gay friendly bishops are sprouting up everywhere. But ” homosexuals must realise that the church is not homophobic” sounds very condescending, and I thought it was only homophobes who referred to gays or lgbt folk as “homosexuals”?

Cynthia
Guest
Cynthia

It’s movement, at long last. I appreciate the words of Anne2. I would say, however, that we LGBT people have had to shout. And I challenge you to name a wrong that was righted without the victims “shouting.” Or at least telling their stories and being visible. Young people don’t accept homophobia because they know gay people. In a climate of fear and silence, the older people don’t have the same opportunity until someone speaks up. It isn’t as if the British gave up on India of their own accord without Gandhi or the US gave up on racial segregation… Read more »

Jeremy Pemberton
Guest
Jeremy Pemberton

I am pulled two ways on this one. I am glad that Michael Perham and John Inge are saying what they are saying. But what really counts is whether the leadership of the bishops will be strong enough (post-Pilling) to set a new direction and fashion a new polity in the face of the people who want to die in the last ditch before they let the gays have a place at the table on the same terms as everyone else. And there is the small matter of getting gender equality sorted as well of course. In other words, fine… Read more »

Brant-N-LA
Guest
Brant-N-LA

May I join Erica’s “Amen to that, Lister.” Just one thing: No one who’s read Dr King’s ‘Letter from the Birmingham Jail’ can help but notice that Lister’s last sentence doesn’t quite leave us where we need to be. It’s not ‘complaning OR help’, it’s ‘complaining AND help’. One complements and enables the other. Both are quite essential to getting things like this done me thinks.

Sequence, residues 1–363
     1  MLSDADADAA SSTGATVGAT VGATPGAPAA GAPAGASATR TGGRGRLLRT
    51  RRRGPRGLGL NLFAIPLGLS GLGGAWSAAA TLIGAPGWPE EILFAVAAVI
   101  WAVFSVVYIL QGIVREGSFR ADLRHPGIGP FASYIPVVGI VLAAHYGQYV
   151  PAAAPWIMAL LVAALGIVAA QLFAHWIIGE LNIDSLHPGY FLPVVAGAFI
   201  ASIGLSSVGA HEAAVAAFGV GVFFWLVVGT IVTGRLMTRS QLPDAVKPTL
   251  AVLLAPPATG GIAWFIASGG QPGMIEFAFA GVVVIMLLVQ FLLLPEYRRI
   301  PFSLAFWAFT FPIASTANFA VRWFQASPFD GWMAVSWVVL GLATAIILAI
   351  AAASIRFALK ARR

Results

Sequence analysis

Laurence Cunnington
Guest
Laurence Cunnington

I am still unclear exactly what the Bishops fear if they come out clearly in favour of change in the Church re LGBT people. The Bishop of Buckingham blogs, tweets and comments all over the place in full support and, as far as I know, is not threatened, shunned by the other Bishops or has the Clergy Discipline Measure waved in his face. Or perhaps these things do happen and he is even braver than I thought! I know he’s not a Diocesan but if he can do it, why can’t the others? And not just in the condescending tones… Read more »

Rev'd Laurence Roberts
Guest
Rev'd Laurence Roberts

‘When the Christian Church held the high grounds of power, and was able to dictate terms to society, it was virulently (and in some cases violently) homophobic. In countries where it still has that power, it is still homophobic.’ Posted by: Interested Observer on Wednesday, 11 September 2013 at 11:06am BST I support this 100% and that entire comment. The Churches have behaved appallingly and still are. Both in the UK and around the world as IO says. Just look at the RC church and the Eastern Orthodox whose bishops are falling over themselves from Russia to Greece, to condemn… Read more »

FD Blanchard
Guest
FD Blanchard

I’m still trying to figure out whether or not this is substance or damage control.

A concrete gesture on the part of the Church would have more credibility than all the Bishop’s statements in Christendom.

Anne2
Guest
Anne2

Thank you , Erika and Cynthia. The elderly gentleman who I recalled in my earlier comment was speaking to me following a sermon in which I had preached about homosexuality (can’t remember the context now), and was making a genuine attempt to get his head around the idea that the things he had been told and had believed all his life might need to be rethought. He was realistically pointing out, though, that this was not an easy thing to do. I sometimes wonder what things, when I am his age, I will struggle to reconsider, and what prejudices (which… Read more »

Interested Observer
Guest
Interested Observer

“Pilling will be the next opportunity for the C of E to parade its willful ignorance and anti-gay stance before the British public.”